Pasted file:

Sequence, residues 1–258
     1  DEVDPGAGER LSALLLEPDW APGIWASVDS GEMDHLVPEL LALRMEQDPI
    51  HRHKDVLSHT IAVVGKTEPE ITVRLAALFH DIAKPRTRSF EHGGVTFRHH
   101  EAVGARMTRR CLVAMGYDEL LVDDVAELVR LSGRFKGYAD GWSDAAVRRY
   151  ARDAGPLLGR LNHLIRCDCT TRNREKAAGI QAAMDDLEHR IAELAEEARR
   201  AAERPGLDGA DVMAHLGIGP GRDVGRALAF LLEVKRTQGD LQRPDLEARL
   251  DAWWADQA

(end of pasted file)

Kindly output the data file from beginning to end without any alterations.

Sequence, residues 1–258
     1  DEVDPGAGER LSALLLEPDW APGIWASVDS GEMDHLVPEL LALRMEQDPI
    51  HRHKDVLSHT IAVVGKTEPE ITVRLAALFH DIAKPRTRSF EHGGVTFRHH
   101  EAVGARMTRR CLVAMGYDEL LVDDVAELVR LSGRFKGYAD GWSDAAVRRY
   151  ARDAGPLLGR LNHLIRCDCT TRNREKAAGI QAAMDDLEHR IAELAEEARR
   201  AAERPGLDGA DVMAHLGIGP GRDVGRALAF LLEVKRTQGD LQRPDLEARL
   251  DAWWADQA